The private museum Vyacheslav Sheyanov’s Motorworld Museum in Samara has a collection of unique and rare motorcycles from fourteen countries. The museum offers a glimpse into the world history of motor vehicles and the development of science and engineering, takes you into the golden age of motorcycle construction — the 30-40s of the last century. The collection features more than a hundred motorcycles from Austria, Belgium, Great Britain, Germany, Denmark, Italy, Poland, USSR, USA, France, the Czech Republic, Switzerland, Sweden, and Japan. For some models, only two or three of them are still known to exist. Some people believe that the world history of motorcycles is closely connected to the history of civilization and even to the mentality of different countries. It’s hard to argue considering that even in the design of motorcycles, you can see the rapid pace of the world’s engineering development and technological advance. Motorcycles were used both in peace and in war, their combination of beauty, power and speed attracted millions of people. The Russian collection in the Museum consists of twelve motorcycles. The soviet engineer Pyotr Mozharov deserves a lot of credit for his invaluable contribution to the development and implementation of the first Soviet motorcycles, which he was able to make due to his experience abroad.
“I see motorcycles of the first half of the last century as this fascinating world of elegant and powerful machines that display the genius of all the nations involved in the greatest tragedy and the greatest triumph of mankind — the Second World War. Each of my motorcycles is a time machine, a vehicle that takes you back into the depths of history, makes you feel it not only in your mind but in your body and your soul”, said the museum’s founder, Vyacheslav Sheyanov, in the Catalog of Private Museums of the Association.
The motorcycles in the USSR were produced on a large scale. There are still people who feel nostalgic for the old Soviet two-wheeled vehicles because many people had it as their first bike. In this article, we will talk about the history of motorcycles, though not the largest part of history, but still significant for Russia.
The motorcycle manufacturing industry in the Soviet Union was centered in Irbit, Izhevsk, Leningrad, Taganrog, and Podolsk.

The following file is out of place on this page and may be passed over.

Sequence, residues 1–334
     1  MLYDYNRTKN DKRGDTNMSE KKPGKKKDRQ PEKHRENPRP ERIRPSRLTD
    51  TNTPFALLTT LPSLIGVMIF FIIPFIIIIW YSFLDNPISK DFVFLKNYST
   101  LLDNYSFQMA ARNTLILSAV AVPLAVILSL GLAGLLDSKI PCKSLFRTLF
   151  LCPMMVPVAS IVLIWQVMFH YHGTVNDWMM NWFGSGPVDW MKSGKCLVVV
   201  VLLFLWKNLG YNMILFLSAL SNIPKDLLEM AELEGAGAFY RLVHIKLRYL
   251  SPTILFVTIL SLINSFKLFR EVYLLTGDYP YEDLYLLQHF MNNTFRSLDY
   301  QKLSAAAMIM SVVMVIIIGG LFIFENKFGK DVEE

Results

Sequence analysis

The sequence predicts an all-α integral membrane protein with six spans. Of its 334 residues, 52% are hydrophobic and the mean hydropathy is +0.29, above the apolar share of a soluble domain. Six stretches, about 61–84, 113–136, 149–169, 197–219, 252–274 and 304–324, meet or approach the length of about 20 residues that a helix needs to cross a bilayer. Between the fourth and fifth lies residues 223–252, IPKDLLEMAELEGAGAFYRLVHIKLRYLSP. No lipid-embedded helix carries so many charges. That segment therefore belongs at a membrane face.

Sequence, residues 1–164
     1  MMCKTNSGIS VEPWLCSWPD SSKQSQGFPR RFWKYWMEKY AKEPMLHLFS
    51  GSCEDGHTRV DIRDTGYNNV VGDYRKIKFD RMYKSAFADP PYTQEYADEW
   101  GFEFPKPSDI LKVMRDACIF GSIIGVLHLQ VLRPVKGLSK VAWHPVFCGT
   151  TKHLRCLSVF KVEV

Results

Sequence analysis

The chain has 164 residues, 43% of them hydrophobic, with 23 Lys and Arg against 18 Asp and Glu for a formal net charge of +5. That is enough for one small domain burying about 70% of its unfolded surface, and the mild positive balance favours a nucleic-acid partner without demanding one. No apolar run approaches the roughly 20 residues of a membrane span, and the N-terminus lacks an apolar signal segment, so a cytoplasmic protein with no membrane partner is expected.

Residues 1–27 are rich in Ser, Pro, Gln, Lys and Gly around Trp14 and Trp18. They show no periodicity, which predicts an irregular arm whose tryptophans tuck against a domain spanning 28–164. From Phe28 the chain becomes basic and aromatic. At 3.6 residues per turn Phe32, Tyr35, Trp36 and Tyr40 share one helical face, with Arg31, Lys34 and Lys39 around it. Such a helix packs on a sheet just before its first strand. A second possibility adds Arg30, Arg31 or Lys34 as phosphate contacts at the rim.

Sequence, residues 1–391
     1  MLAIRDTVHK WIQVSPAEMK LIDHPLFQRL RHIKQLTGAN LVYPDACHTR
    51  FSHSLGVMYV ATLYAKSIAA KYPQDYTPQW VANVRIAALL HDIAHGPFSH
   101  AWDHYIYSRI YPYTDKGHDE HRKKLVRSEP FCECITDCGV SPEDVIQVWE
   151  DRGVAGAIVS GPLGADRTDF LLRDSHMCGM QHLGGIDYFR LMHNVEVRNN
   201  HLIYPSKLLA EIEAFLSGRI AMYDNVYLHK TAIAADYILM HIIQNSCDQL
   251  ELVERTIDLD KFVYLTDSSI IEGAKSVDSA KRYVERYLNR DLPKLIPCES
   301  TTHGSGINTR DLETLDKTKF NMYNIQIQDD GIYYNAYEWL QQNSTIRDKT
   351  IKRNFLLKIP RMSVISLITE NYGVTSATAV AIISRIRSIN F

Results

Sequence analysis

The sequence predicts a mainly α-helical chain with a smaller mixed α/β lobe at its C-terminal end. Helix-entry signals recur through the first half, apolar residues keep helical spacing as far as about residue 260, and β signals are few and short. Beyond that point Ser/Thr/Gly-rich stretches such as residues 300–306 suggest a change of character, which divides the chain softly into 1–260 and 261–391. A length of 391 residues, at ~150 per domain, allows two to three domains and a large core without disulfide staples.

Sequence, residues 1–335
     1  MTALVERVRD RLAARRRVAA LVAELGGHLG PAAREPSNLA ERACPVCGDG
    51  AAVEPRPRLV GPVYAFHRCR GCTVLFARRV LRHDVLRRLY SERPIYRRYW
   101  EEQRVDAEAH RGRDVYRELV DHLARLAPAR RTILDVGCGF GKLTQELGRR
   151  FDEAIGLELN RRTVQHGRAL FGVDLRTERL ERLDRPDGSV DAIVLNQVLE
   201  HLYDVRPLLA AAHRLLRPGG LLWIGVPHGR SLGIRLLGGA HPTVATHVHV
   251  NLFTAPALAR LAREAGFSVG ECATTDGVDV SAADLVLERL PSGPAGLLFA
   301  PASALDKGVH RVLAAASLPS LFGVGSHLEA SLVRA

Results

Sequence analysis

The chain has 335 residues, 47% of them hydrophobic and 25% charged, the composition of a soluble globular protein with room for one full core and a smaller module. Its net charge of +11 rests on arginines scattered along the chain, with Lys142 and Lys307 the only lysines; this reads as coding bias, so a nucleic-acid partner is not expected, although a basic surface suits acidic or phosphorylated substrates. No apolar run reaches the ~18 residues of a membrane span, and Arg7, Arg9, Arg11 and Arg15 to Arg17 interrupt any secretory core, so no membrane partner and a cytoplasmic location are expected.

PMZ A-750 is a motorcycle designed by a Soviet engineer, the founder of the domestic motorcycle industry, Pyotr Mozharov. The ideas behind this vehicle have made it a symbol of technological progress in the USSR. Even if you’ve never ridden it, you can recognize it from the Soviet comedy “Tractor Drivers” starring Marina Ladynina. Remember the song “Three tank crewmen, three cheerful friends…”? The song is originally from this movie filmed in the 30s, in the Stalinist era with its propaganda of peasant labor and Soviet engineering. The development of this model has an interesting timeline. In 1929, the workshops were established at the Izhevsk Steel Plant, five experimental motorcycles Izh were developed and manufactured there. The workshop team was headed by Pyotr Vladimirovich Mozharov, who had previously completed an internship in Germany. The three largest motorcycle manufacturers in Germany — DKW, Zündapp и Neander – had impressed the Soviet engineer. Upon his return, he was convinced that the USSR should build copies of German motorcycles and try to adapt them to Soviet road conditions. At the end of 1931, the team of Pyotr Mozharov began to design a heavy 750 cc two-cylinder engine motorcycle. The Supreme Soviet of the National Economy required them to develop and produce so-called heavy motorcycles for the needs of the Soviet Army. The motorcycle chassis design was inspired by BMW. The motorcycle was produced both with and without a sidecar. It was only possible to ride a model with a sidecar on a highway or a good dirt road. Models without sidecar had no restrictions on the quality of roads.